Lait Logo Lightning F53 53-690, Pilling

4th September 1968

17.12.2004

Type Unit Base Duty Crew Passengers
English Electric Lightning F53

BAC

Warton Test Flight

1

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30 year old BAC Test Pilot, John Cockburn took-off from the company's Warton on 4th September 1968 for a routine test flight of a new Interceptor. The aircraft had made its first flight on 20 August 1968 at the company's Samlesbury airfield and was destined for export to the RSAF Royal Saudi Air Force in Jeddah. Shortly after take-off a fire developed in the aircraft at 400 feet and the pilot took the Lightning up to 4000 ft, intending to head for the coast and ditch the aircraft in Morecambe Bay, but after losing elevator control he was forced to eject. Accompanying him on the flight in a second Lightning was Preston Division's chief Test Pilot, Jimmy Dell, who observed Cockburn landing safely and then reported the incident and returned to Warton.

John Cockburn

 

Name Location/Position Status
John Cockburn Pilot S.I.

At the village of Pilling, 12 miles to tne North of Warton few people took any notice of the two planes overhead, or saw the stricken aircraft as it plunged vertically out of the low cloud, but people for miles around it seems heard the tremendous explosion as it impacted. 53-690 narrowly missed several houses and the local pub, as it dived into the centre of Pilling, coming down behind a pair of semi-detached cottages and hitting a greenhouse and outbuildings. The force of the impact hurled fragments over a wide area and the largest, an undercarriage unit, landed in the nearby yard of a haulage firm, again damaging outbuildings and striking the wall of the office. At the cottages, one occupant was outside at the time and blown off his feet, whilst his wife, in the kitchen to the rear of the property, was slightly injured when part of the wall blew in. The house was severely damaged and the couple were moved to a nearby council house until repairs were completed.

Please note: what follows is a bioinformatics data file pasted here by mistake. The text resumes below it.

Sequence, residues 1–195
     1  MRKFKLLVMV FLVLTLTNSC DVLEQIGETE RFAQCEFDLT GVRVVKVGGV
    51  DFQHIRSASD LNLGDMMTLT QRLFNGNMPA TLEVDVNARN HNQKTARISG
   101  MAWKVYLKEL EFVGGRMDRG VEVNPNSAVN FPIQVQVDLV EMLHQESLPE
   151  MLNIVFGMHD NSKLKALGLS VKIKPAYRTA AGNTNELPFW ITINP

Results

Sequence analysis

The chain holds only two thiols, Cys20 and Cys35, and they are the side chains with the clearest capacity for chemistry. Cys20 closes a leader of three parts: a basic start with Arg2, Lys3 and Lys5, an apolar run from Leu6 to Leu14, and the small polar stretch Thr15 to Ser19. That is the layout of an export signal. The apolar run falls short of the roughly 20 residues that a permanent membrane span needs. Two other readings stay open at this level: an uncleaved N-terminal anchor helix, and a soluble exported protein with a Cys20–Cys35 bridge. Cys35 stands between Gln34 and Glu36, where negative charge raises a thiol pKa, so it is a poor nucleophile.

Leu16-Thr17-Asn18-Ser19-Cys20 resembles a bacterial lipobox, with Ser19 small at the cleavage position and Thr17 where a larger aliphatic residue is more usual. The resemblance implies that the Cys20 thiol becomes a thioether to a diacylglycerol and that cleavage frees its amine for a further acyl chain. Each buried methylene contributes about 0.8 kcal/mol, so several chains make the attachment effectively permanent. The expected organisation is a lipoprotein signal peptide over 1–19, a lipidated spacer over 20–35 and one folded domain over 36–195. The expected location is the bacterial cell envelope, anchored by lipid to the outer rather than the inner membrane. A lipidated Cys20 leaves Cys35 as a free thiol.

The crater was some 30 yards across!

Damage to outbuildings caused by the blast

The resulting crater, estimated to be between 15 and 35 feet deep and some 30 yards across, proved too unstable to excavate when the recovery crew arrived to salvage the remains of the fighter. It is reported that they even resorted to freezing the ground around it with liquid nitrogen in an attempt to reach the buried wreckage, but to no avail. The cottages were soon repaired and the greenhouse rebuilt leaving no visible scars to remind the returning occupants of their dramatic escape.

The occupant of this kitchen had
a miraculous escape.

Little remained of the greenhouse in the foreground &
the haulage yard buildings were torn by flying debris.


Acknowledgements:

Russell Brown, Lancashire Evening Post, M. Bowman (English Electric Lightning, Crowood, 1997).

 

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